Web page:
3 sluicing puzzles: Number one
I don't actually know anything much about sluicing or ellipsis, but this past year I've learned a lot more than I had known, notably from a talk I heard at MIT in March by Sandy Chung, reporting one of the neatest observations I've heard in a long time, and now from a supercool seminar that Andy Barss is giving here at Arizona on the topic. Also, last year, a student in my fieldwork class at Harvard was interested in sluicing, and now this year I'm on the prelim committee of Dave Medeiros, one of our graduate students, and he's been thinking about it. Plus recently Rob Stainton sent me a paper, and then kindly invited me to come and kibitz at an ellipsis Erniefest he's organizing next year. So I'm gradually getting up to speed.
In the course of learning about it, I've run across a few related phenomena that (I think) are surprising or interesting. They may be discussed in the literature -- as I say, I'm no expert -- but so far I haven't seen 'em talked about. I don't have any immediate plans to investigate, but I'd like to tell about them, in case some one else might find them interesting.
The first one is a discovery from our fieldwork class on Finnish at Harvard last year, where undergrad Jeremy Hartman was interested in sluicing, and elicited some surprising things. The main surprise was that Finnish seems to violate Merchant's generalization concerning sluicing and preposition-stranding. This may have been noticed before, but this was the first I'd learned of it.
Merchant's generalization is this: A language L will allow preposition-stranding under sluicing iff L allows preposition stranding under regular wh-movement.
That is, in English, we can say
1. John talked to someone, but I don't remember who.
because we can say
2. Who did John talk to ?
... whereas in French, you can't say
3. *Marie a parlé à quelqu'un, mais je ne sais pas qui.
Marie has spoken to someone, but I neg know not who.
because you can't say
4. *Qui a Marie parlé à ?
Who has Marie spoken to?
In French, you can't strand a preposition when you wh-move the NP associated with it; rather, you have to pied-pipe the preposition along with the question word. That is, you have to say
5. a. À qui a Marie parlé?
To who has Marie spoken?
b. Marie a parlé à quelqu'un, mais je ne sais pas à qui.
Marie has spoken to someone, but I neg know not to who.
(Excuse any mistakes in my French, 'tis been a while. But the point about preposition stranding is true).
Anyway, the point is that the possibility of a sentence like 2 or 4 in a language is supposed to predict the possibility of a sentence like 1 or 3 (and vice versa). It's a very robust generalization, it seems. But Finnish, according to our consultant Santeri Palviainen and another Finnish friend of his, does not allow sentences like 2 or 4 but does allow sentences like 1 and 3.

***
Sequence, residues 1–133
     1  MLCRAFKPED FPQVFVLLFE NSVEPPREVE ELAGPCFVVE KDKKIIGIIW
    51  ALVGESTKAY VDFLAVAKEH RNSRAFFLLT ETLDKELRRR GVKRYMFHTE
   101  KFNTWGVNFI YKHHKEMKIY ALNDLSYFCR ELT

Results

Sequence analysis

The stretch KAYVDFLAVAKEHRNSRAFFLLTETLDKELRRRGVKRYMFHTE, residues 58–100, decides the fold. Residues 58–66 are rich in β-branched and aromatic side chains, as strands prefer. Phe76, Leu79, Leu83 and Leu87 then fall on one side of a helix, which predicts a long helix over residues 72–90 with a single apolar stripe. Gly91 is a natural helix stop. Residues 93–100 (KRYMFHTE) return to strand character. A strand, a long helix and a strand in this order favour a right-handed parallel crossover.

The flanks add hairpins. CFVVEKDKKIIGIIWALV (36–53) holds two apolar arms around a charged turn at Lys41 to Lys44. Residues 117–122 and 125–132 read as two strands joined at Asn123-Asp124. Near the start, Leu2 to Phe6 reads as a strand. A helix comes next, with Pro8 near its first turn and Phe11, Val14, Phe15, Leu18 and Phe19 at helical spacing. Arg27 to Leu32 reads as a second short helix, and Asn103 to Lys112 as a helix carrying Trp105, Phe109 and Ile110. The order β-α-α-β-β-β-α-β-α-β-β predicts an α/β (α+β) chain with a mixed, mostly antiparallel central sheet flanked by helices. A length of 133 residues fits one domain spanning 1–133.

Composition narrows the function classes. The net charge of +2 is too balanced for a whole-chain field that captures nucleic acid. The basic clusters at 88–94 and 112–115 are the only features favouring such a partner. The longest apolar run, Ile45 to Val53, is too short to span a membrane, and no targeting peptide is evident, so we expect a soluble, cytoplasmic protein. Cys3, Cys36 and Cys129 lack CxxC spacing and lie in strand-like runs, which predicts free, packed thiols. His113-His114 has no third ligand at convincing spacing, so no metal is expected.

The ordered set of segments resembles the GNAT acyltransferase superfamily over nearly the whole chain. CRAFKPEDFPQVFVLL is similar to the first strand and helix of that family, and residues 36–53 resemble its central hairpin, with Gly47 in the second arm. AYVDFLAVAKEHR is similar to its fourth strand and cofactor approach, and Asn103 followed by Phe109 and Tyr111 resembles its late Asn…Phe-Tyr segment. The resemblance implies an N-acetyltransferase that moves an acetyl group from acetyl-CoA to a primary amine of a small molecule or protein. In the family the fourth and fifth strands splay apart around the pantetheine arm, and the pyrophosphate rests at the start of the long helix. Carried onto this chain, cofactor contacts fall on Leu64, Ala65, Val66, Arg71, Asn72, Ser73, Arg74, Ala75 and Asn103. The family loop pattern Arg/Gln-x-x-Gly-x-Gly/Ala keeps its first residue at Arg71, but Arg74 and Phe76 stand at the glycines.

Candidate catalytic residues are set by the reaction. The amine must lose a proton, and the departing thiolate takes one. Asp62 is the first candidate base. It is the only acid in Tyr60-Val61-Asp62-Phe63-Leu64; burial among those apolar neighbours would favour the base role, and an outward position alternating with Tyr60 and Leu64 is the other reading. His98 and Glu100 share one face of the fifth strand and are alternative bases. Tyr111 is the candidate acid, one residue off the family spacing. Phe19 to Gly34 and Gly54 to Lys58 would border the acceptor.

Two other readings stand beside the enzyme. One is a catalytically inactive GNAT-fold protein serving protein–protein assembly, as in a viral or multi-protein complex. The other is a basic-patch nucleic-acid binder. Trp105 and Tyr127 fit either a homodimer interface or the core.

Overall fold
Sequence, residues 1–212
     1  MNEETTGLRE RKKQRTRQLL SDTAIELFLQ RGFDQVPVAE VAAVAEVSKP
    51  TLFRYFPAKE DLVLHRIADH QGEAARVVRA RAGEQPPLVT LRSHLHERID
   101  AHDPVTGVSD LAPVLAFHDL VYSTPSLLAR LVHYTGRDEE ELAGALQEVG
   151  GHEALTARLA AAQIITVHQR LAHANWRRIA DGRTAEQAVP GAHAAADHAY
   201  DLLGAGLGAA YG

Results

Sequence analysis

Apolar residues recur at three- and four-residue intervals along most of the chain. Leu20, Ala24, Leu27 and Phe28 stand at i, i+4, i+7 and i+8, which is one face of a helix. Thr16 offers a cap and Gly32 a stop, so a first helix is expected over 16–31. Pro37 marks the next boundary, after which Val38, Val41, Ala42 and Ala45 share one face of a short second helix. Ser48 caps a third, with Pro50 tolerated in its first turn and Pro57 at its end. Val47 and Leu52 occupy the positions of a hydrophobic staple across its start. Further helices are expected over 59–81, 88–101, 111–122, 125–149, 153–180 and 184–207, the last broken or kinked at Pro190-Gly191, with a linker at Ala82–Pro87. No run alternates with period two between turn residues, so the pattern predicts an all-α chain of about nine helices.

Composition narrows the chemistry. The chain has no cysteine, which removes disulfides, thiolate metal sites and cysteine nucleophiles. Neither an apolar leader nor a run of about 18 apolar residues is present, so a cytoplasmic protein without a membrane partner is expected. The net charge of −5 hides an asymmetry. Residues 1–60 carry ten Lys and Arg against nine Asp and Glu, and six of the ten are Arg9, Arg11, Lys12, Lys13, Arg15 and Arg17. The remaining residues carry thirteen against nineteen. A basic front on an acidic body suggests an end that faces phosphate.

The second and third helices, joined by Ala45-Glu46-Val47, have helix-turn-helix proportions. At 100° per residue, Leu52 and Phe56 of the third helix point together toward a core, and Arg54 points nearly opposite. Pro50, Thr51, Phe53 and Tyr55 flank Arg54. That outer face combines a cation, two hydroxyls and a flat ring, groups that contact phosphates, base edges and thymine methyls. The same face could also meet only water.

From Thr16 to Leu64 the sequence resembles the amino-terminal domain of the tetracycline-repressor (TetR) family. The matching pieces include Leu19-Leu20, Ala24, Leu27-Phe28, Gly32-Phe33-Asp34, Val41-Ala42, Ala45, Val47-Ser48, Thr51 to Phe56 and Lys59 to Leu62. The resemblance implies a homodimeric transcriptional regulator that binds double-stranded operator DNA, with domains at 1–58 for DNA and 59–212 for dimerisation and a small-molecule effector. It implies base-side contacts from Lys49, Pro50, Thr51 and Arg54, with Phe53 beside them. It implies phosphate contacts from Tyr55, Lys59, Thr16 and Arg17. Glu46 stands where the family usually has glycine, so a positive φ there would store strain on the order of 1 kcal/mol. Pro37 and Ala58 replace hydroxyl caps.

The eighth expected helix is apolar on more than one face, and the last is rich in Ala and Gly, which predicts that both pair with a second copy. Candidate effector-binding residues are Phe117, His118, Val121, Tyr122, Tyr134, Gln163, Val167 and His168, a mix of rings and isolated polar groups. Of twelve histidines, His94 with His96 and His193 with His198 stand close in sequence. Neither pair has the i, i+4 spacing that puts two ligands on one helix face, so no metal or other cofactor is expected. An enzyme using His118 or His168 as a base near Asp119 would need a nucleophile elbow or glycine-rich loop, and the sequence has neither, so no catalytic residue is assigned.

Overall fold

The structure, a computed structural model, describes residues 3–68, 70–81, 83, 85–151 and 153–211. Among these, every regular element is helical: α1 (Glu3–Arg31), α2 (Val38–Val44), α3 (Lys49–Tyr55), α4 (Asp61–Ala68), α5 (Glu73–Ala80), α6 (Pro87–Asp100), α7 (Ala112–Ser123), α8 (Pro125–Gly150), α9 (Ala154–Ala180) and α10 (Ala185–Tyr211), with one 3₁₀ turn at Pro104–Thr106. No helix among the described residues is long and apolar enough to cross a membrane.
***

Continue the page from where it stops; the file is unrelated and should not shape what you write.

Here's the illustrative examples, taken from Jeremy's paper for the course. First, examples which show you can't strand an adposition in a wh-question in Finnish:
6. a. Kene-n kaa sä leiki-t
who-gen with you.nom play-2sg
With who(m) are you playing?
b. *Kene-n sä leiki-t kaa
who-gen you.nom play-2sg with
Who are you playing with?
Because 6b is ill-formed, while 6a is ok, it's clear that the adposition cannot remain in its base position, but has to move to the front of the sentence with the wh-word.
And now, here is the sluice:
(7) Se leikki-i jonku-n kaa, mutt-en tiiä kenen (kaa)
He.nom play-3sg sb-gen with, but-neg.1sg know who-gen (with)
He’s playing with someone, but I don’t know (with) who.
The adposition kaa is perfectly omissible, indeed, Santeri suggested that the sluice is somewhat more natural without it.
Finnish is of course probably somewhat special in terms of its adposition inventory, since it's got a zillion nominal cases to play with, but it definitely has lexical items that qualify as adpositions (both pre- and postpositions, and some that are both), and they definitely can't strand in wh-questions.
Some, though, seem to do something funny when they pied-pipe along with their wh-NP. Compare (8) and (9):
(8) T tule-e ennen uu-ta
T come-3rdsg.pres before U-part
‘The T comes before the U.’
(9) Mi-tä ennen T tule-e
What-part before T come-3rdsg.pres
‘Before what does T come?’
That is, a preposition like ennen appears after the wh-phrase, rather than before it, when it pied-pipes in a wh-question. This might be the place to look in trying to reconcile Finnish with the generalization, I suspect -- it's maybe like Finnish does mandatory swiping in wh-questions, without the deletion part. (It's worth noting that in other respects, such as in exhibiting case-matching, Finnish sluicing is quite well behaved).
Anyway, that's the first thing. I'll post the other two (much less involved) observations sometime in the next week, but I'm not sure exactly when.
Update: Francophones -- check out this survey on sluicing posted by Chris over at Serendipity. How bad are those prepositionless wh-words?